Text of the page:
Friday, August 24, 2012
Law Erotica Studied
Larry Cunningham of St. John's Law School has posted an interesting study of the effect on law school rankings of law school marketing materials, aka "law porn," although I prefer to call it "law erotica" given the harsh reactions to the prior term. He is careful to note the difficulties of showing any causation, especially because his results may just show that schools with tons of money, which all things being equal may do well in the rankings, also have tons of money to spend on marketing materials. It's still interesting to read. Here's the abstract:
In the last few years, law schools have inundated each other with glossy brochures, postcards, magazines, and other marketing materials in an attempt to influence their “peer assessment scores” in the annual U.S. News and World Report rankings. This article describes a study that attempted to determine whether law schools’ print marketing efforts to one another have an impact on their U.S. News rankings data. From June to December 2011, the author’s school collected and coded all of the materials it had received from schools, including materials that it itself had sent to others. In total, 427 unique pieces of marketing were received from 125 of the 191 schools that were the subjects of this study. They varied considerably in size, format, content, and audience. A number of statistical tests were conducted to compare a school’s marketing efforts with its overall rank, overall score, peer assessment score, and tier, along with any change in those variables from the 2011 rankings to the 2012 ones. The results showed that there was some correlation between a school’s marketing efforts and its U.S. News data. Schools that sent marketing materials had, on average, higher tier placement and peer assessment scores; however, there was not a significant change in year-to-year rankings variables. The number of pieces a school sent during the study period was, for the most part, not significant. On the other hand, the number of pages in its materials was correlated with a number of U.S. News variables. Schools that sent longer, magazine-type publications geared towards a specific audience had higher U.S. News scores and also showed a slight improvement in their overall score between the two years of rankings data in this study. However, it is possible that a co-variate, such as institutional financial resources, may be causing the results. Additional study is needed to determine whether marketing materials have a longer-term effect on U.S. News ranking variables that cannot be captured in a one year study.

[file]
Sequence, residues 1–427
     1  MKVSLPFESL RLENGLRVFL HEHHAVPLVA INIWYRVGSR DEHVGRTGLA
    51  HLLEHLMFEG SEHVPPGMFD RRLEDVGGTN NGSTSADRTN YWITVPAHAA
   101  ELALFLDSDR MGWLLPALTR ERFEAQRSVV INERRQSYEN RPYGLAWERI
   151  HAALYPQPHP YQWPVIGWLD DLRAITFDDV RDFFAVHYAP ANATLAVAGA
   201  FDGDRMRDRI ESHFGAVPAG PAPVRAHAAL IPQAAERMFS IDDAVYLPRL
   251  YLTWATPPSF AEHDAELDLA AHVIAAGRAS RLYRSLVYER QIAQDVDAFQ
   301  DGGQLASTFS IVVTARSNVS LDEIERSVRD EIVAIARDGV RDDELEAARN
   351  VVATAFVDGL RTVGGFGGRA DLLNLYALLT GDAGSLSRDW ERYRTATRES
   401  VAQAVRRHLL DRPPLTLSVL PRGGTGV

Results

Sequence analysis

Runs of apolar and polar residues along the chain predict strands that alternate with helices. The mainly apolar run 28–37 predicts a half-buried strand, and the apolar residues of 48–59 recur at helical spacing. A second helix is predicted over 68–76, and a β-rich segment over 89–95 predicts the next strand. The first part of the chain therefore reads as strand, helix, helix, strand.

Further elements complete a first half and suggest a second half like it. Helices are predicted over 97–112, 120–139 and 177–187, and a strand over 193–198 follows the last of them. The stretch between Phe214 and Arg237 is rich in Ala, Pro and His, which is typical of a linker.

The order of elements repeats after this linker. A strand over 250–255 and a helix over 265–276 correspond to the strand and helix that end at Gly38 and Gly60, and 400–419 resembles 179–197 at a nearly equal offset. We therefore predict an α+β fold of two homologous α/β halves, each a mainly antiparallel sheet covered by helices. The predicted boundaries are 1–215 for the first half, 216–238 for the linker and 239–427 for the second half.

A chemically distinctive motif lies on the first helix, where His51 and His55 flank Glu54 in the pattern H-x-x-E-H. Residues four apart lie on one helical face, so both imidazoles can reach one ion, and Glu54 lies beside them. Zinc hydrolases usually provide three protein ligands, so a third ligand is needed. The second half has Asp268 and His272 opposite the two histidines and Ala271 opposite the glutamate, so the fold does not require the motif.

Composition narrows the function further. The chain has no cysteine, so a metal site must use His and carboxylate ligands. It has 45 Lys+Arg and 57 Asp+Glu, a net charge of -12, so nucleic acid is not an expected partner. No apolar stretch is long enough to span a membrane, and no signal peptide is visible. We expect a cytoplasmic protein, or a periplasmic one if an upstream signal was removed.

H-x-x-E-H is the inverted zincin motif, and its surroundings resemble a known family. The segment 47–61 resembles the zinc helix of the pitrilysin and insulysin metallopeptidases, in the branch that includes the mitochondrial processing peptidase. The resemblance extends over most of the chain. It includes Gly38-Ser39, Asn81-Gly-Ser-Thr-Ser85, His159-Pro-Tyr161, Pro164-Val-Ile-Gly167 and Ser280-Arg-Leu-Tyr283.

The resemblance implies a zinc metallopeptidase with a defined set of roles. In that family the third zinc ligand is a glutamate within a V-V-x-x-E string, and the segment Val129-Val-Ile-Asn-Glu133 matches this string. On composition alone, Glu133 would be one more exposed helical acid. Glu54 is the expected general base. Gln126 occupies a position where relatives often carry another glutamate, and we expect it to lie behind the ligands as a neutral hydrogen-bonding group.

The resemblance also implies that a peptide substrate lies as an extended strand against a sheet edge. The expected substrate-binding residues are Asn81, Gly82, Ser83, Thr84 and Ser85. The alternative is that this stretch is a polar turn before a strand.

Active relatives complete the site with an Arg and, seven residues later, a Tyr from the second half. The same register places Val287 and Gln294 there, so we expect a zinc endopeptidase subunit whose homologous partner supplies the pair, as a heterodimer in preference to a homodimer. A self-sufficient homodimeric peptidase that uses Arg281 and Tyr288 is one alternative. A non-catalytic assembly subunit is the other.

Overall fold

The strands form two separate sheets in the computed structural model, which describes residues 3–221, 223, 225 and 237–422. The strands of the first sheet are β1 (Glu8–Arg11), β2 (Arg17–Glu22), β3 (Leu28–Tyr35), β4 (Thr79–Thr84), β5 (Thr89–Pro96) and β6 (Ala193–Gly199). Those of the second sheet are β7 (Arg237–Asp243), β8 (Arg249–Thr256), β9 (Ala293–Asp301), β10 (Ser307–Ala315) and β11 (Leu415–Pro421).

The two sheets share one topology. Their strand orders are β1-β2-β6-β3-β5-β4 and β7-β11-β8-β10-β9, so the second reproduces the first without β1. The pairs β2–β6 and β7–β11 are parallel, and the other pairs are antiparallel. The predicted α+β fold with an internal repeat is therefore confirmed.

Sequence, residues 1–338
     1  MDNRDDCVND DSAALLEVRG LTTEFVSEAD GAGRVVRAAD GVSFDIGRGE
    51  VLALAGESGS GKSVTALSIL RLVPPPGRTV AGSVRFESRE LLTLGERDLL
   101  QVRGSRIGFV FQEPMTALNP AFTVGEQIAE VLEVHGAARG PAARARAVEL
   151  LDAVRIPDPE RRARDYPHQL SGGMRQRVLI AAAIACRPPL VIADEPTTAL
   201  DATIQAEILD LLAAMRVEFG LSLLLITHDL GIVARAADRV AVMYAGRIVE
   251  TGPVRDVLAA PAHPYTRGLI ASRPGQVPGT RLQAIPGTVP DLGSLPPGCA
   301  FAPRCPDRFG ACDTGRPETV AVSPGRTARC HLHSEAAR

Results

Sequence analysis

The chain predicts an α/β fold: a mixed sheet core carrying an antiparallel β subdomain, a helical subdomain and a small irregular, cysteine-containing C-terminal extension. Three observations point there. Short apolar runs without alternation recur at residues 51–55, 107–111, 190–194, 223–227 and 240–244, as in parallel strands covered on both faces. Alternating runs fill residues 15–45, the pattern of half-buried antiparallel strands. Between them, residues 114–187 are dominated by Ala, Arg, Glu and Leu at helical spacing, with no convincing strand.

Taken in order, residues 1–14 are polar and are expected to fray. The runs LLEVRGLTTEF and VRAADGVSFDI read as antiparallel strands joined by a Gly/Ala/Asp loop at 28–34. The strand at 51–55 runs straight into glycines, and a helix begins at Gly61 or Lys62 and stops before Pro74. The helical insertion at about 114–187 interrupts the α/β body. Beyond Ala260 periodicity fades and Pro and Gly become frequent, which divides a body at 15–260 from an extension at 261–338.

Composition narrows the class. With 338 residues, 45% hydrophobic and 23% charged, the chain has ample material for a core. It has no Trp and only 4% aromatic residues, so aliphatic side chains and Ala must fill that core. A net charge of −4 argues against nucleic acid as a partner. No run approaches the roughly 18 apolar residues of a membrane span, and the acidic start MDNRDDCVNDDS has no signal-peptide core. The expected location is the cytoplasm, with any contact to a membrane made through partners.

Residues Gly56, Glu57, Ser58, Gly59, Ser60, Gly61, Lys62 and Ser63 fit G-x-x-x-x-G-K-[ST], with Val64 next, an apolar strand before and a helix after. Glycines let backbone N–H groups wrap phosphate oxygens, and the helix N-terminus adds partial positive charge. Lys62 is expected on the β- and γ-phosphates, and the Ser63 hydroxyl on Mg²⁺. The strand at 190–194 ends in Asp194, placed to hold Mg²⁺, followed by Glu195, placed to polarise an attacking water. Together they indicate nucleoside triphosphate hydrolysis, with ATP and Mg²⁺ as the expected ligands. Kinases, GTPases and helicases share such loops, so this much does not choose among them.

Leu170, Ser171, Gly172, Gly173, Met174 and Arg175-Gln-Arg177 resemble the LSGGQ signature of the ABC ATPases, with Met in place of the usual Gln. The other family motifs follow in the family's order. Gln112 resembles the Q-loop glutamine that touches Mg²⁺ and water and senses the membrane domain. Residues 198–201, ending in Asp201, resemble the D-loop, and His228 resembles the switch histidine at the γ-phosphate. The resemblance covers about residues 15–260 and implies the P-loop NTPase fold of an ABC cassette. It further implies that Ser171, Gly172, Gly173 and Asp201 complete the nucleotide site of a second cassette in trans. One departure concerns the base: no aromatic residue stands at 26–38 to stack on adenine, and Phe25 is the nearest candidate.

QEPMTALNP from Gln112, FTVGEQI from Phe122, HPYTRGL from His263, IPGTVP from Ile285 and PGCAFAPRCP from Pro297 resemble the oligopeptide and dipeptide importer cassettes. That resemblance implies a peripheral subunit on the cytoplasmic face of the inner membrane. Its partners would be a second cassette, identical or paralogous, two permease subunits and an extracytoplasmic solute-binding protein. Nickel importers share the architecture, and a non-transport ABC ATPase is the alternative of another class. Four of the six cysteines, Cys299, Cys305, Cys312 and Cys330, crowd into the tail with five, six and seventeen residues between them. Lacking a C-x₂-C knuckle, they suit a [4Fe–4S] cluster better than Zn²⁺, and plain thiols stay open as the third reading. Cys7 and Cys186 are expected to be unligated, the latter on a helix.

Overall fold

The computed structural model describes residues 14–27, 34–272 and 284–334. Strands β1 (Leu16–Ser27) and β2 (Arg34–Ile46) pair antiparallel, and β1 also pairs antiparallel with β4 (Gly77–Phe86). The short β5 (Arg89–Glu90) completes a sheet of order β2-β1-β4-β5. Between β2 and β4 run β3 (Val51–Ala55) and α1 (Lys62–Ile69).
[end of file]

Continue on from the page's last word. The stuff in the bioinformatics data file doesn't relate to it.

And from the paper:
[T]he results suggest that law schools are not seeing much in the way of impact from their marketing efforts towards one another. Most of the observed correlations were in a school’s current rank, tier, overall score, or peer assessment score—very few aspects of a school’s marketing efforts impacted, to any significant degree, a change in U.S. News data from year to year. The one exception appears to be magazines. Schools that send them have higher U.S. News results than those that do not. However, they come at a significant expense and, from year-to-year, may yield only a small increase in a school’s overall score, if there is a cause-and-effect relationship at all.
As Cunningham notes in the paper, I have written before in (partial) defense of some marketing materials, specifically 1) those (like the annual booklet produced by UVa) that actually tell us something useful about individual professors and their scholarship and 2) a few of the more informative magazines, although I've also opined that it's silly for some schools (Marquette and SMU stand out) to send widely magazines that are really oriented toward alumni. My own idiosyncratic tastes, however, hardly show that the benefits of distributing these materials justify the cost. I should also say that although it's less expensive to send out emails rather than printed materials, I ignore those emails even more thoroughly than the print materials, so even the marginal cost of distributing those materials by email may not be worth it.
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